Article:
President Obama: Calm in the eye of the storm
Homing in on a central theme of New Yorker editor David Remnick's new book on President Obama, "The Bridge," Frank Rich examines a well-worn truism in American politics today. Namely, that Obama is a Rorschach test. Whatever you think of him or whatever you believe he believes depends on where you sit politically. But Rich argues that, in fact, the president hasn't been as slippery as folks might think. "[T]he Obama we see now," he writes, "is generally consistent with the one he presented in the 2008 campaign." I'll go Rich one better. The Obama we see now is generally the one he presented when he was a little-known state senator addressing the 2004 Democratic Convention.
Late last year, I re-read 13 Obama speeches, including his 2004 address in Boston. That stirring speech fixed Obama in the American political consciousness. Six years later, it is now revealed as a blueprint. The themes espoused there -- common ground, shared responsibility and moral authority with healthy dollops of tough love -- endured in speeches from Cairo to Congress, before Europeans, Arabs, blacks and gays.
The president insists on talking to the American people and audiences abroad like adults. Much has been made of his professorial mien when doing so. Perhaps that's because he is most professorial when the political stakes are highest. In speeches on the economy in February (Congress), the U.S. relationship with Muslims in June (Cairo), health insurance reform in September (Congress) and last December on Afghanistan (West Point) and American foreign policy (Oslo), Obama methodically made his case. He explained the situation and outlined his vision or prescriptions for action.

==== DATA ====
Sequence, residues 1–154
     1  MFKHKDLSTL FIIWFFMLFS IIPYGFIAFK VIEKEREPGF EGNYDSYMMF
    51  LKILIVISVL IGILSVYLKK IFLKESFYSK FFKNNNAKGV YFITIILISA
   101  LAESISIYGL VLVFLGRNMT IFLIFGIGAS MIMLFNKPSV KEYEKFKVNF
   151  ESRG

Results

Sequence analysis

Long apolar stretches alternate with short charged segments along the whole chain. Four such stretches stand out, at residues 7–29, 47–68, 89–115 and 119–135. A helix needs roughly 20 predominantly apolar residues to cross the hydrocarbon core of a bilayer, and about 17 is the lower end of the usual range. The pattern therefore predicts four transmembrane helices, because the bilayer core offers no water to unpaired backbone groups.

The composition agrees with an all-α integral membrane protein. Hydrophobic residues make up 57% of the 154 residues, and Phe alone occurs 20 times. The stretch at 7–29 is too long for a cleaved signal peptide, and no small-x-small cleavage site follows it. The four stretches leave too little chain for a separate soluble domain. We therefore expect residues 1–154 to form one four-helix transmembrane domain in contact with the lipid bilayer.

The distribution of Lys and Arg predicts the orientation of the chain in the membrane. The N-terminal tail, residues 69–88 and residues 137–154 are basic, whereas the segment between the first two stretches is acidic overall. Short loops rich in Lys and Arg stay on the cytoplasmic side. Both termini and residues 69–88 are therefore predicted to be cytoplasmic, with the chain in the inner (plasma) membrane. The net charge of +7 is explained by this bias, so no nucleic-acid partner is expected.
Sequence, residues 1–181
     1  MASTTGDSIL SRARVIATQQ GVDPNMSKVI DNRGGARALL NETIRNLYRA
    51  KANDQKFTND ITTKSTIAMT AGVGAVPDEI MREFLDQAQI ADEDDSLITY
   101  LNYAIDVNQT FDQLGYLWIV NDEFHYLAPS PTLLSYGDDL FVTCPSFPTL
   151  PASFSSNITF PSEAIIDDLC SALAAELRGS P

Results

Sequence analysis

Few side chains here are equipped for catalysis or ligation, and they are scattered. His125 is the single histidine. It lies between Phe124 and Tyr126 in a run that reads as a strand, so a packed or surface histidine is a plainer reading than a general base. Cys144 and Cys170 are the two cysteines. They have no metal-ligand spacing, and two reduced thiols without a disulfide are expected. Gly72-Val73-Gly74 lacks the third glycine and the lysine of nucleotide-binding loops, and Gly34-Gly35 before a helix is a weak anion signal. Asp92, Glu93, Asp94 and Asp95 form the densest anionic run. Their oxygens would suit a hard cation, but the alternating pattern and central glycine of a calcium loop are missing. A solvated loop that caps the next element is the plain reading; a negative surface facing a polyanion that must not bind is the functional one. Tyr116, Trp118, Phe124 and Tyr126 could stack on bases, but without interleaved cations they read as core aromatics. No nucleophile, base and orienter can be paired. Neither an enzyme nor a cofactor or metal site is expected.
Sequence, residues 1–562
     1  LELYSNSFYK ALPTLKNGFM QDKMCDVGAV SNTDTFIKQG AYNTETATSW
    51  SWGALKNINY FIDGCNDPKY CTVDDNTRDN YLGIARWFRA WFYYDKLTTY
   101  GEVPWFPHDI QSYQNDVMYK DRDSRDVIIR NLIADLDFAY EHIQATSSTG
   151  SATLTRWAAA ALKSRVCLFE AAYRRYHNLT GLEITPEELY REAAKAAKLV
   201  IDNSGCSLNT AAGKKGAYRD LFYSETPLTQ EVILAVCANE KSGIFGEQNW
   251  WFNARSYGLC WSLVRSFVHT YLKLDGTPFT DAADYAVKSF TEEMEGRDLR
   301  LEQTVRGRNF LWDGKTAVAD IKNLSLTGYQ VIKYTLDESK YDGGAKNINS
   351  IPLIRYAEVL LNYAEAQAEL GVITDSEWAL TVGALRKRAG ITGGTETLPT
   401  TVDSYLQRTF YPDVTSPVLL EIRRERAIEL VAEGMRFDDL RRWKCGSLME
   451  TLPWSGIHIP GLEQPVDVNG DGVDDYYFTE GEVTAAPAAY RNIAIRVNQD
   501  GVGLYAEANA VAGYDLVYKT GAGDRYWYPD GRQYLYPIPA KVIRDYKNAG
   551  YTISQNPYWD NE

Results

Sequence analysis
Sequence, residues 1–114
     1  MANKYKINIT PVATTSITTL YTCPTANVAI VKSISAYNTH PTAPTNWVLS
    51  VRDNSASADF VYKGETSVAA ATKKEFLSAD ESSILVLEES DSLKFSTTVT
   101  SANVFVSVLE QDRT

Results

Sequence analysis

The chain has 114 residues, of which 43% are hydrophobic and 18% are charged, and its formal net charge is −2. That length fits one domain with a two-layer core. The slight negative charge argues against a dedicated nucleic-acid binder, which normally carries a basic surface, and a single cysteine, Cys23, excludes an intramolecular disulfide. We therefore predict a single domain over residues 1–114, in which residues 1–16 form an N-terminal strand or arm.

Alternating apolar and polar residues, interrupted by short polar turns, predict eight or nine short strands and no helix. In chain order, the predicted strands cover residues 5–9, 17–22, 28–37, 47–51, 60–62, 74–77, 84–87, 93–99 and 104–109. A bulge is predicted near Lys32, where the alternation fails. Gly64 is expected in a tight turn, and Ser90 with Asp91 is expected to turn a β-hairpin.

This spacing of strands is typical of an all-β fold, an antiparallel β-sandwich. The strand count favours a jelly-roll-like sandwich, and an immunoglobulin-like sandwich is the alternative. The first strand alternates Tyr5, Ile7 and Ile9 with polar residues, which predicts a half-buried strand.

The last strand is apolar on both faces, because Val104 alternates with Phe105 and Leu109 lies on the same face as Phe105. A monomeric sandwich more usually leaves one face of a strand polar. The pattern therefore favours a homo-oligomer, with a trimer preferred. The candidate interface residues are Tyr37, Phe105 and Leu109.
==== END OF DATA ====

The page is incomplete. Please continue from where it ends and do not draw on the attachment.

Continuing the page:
These addresses and others are also notable for Obama's willingness to "go there," to confront controversy without apology and dispense tough love. He dealt with the divide over abortion at Notre Dame. He took on death panels at the health-care joint session. In Cairo, he took on Holocaust deniers and said the bond with Israel "is unbreakable." At the NAACP 100th Anniversary dinner in New York City last July, he said that the legacy of discrimination is "not a reason to give up on your education and drop out of school." A more recent example was Obama's response to Republicans who want to "repeal and replace" the health care law: "Go for it!"
Rich nails it when he writes, "What’s clear is that Obama largely remains a fixed point even while the rest of us keep wildly revising our judgments, whether looking at him through the prism of partisan politics, race, media melodrama or any other we choose. It’s our recession-tossed country, not his presidency, that is rocked by violent mood swings."
Obama might drive people crazy because he doesn't fit with the image they thought they had of him, but I find his steadiness and consistency to be a virtue. And if you're prone to mood swings -- violent or otherwise -- or know someone who is, you know how important that is.
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